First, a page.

Author Bio

Allen Wyatt

With more than 50 non-fiction books and numerous magazine articles to his credit, Allen Wyatt is an internationally recognized author. He is president of Sharon Parq Associates, a computer and publishing services company. ...


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What is five minus 0?

2022-03-05 22:22:56


Oh -- if you do use the method I detailed below to open spreadsheets in separate processes, be aware that copying and pasting between spreadsheets will not accommodate formulas and formatting. That's the big drawback. You CAN still copy and paste the *contents* of a cell to another spreadsheet, but you can't, for example, select a cell, do a Ctrl+c, and then switch to another spreadsheet and do a Ctrl+v. (This has never been an issue for me, but I wanted to mention it in case this is something you need to do.)

2022-02-28 05:05:43

Dave S

This problem can arise with add-ins. Our company finance dept rolled out an add-in for project budget forecasting. We then found some in-house Excel applications started generating odd error messages. Debugging revealed an event-handler in the add-in was being activated - the work-around was simply to disable the add-in when not being used.

2022-02-26 23:20:07


I believe you can solve this problem by opening each spreadsheet in a new instance of Excel as a separate process, something that is extremely simple to do. As separate processes, their macros should not interfere with each other at all. There's no easy way for me to test this, but I would literally bet money on it. (BONUS: This also solves the problem of spreadsheets sharing an "undo stack"! "Undo" will then *only* undo changes to the current spreadsheet; it will *not* jump back and forth between spreadsheets, because its process is separate from other spreadsheets.)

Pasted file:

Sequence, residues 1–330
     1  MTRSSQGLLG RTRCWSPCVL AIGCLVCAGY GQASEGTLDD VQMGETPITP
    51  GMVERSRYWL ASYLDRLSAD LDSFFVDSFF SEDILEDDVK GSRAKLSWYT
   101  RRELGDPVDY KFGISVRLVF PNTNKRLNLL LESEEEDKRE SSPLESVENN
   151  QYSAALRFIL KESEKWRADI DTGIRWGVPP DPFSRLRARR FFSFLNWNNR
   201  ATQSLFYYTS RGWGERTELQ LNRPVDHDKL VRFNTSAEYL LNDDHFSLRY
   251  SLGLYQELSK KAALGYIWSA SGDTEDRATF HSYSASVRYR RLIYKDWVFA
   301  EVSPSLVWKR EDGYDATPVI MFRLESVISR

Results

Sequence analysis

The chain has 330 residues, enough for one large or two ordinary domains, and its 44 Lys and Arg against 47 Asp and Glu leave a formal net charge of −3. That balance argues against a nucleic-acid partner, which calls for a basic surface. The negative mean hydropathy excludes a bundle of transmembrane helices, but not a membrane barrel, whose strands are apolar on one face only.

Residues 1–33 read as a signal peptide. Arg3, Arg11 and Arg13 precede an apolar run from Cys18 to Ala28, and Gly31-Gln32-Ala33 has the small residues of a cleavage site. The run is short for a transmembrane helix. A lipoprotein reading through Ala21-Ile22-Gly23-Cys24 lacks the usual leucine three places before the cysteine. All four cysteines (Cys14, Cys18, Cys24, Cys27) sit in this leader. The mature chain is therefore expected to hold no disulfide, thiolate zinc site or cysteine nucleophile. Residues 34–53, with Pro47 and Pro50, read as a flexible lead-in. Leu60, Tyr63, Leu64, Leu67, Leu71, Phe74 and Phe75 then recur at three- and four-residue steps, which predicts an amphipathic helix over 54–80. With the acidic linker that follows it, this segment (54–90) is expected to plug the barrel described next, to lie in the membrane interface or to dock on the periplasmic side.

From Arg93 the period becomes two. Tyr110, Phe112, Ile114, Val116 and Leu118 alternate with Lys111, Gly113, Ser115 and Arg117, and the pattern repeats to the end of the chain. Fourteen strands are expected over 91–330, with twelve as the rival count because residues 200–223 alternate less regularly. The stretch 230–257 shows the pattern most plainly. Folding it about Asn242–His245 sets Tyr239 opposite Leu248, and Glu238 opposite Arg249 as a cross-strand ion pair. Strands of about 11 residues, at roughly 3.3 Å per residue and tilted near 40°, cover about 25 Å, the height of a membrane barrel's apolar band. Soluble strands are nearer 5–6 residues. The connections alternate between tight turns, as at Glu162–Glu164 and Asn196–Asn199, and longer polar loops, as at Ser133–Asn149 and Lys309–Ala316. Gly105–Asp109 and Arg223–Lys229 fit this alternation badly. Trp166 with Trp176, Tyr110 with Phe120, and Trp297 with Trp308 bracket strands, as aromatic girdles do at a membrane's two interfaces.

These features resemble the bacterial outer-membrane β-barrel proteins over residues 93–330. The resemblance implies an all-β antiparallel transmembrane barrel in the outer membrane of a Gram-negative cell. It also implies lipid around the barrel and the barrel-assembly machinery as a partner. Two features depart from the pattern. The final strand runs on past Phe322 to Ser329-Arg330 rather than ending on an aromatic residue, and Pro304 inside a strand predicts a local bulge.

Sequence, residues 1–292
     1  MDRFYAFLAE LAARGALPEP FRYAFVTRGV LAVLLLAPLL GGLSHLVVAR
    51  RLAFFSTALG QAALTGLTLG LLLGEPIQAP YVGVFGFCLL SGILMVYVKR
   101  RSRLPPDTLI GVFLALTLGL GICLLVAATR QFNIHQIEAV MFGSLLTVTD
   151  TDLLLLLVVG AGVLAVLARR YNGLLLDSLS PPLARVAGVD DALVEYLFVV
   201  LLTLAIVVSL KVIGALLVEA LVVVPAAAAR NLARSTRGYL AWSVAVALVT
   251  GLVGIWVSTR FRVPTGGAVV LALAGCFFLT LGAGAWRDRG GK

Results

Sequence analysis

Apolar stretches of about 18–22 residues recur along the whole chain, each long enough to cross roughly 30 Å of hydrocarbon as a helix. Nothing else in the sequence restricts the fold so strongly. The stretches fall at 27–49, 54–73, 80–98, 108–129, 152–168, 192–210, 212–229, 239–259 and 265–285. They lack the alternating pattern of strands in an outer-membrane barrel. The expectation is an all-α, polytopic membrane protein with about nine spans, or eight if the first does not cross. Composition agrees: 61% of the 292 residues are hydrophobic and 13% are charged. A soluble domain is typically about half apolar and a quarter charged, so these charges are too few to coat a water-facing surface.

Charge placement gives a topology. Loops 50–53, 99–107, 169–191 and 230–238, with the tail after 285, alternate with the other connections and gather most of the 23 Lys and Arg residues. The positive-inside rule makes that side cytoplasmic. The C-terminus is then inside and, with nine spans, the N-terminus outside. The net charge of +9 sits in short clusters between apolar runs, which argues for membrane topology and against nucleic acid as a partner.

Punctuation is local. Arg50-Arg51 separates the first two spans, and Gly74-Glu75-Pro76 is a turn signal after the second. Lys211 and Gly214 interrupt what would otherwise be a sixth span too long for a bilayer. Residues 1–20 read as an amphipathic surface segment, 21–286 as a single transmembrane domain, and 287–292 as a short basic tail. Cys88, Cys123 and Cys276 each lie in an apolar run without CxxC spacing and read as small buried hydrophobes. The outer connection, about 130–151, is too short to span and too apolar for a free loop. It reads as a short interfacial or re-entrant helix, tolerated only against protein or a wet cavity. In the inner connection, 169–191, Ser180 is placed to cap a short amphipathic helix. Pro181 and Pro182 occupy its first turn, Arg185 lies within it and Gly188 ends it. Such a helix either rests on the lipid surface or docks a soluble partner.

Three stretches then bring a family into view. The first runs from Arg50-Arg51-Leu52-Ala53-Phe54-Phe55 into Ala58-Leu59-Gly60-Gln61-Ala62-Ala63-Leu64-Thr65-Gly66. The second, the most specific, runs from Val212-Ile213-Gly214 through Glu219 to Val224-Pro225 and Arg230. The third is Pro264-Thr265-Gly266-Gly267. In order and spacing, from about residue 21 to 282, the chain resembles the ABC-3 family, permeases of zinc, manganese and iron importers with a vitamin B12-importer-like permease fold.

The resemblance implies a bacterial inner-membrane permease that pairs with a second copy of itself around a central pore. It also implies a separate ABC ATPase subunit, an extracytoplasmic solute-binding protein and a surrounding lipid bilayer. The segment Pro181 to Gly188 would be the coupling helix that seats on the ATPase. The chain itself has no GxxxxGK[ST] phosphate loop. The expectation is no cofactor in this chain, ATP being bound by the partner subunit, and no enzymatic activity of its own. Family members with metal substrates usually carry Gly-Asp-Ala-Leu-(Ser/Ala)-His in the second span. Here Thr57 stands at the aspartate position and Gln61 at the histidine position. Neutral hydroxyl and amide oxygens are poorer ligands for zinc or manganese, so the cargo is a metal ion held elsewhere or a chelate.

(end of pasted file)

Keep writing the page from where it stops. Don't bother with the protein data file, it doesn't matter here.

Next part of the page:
If you follow the below very quick and easy steps to create an Excel shortcut on your desktop that contains a special "switch", all you have to do to open any spreadsheet in a new, independent instance of Excel is to drag the spreadsheet file onto the shortcut. That's it.

Follow these steps to create the shortcut:
1. Find excel.exe in File Explorer and drag it to the desktop to create a shortcut there.
2. Right-click on the shortcut icon and select "Properties".
3. In the Properties window, in the "Target" text box, go to the end of the text and add " /X" (without the quotes).
/X is a startup switch that tells Excel to start a new instance of Excel as a separate process.
The "Target" text should now read something like this (your specific path may differ):
"C:\Program Files\Microsoft Office\root\Office16\EXCEL.EXE" /X
4. Click "OK".

That's it. Now every time you want to open a spreadsheet, drag it onto the shortcut icon and drop it there. It will open in a new instance of Excel, so macros and undos should not interfere with each other in any way.

Best regards to all,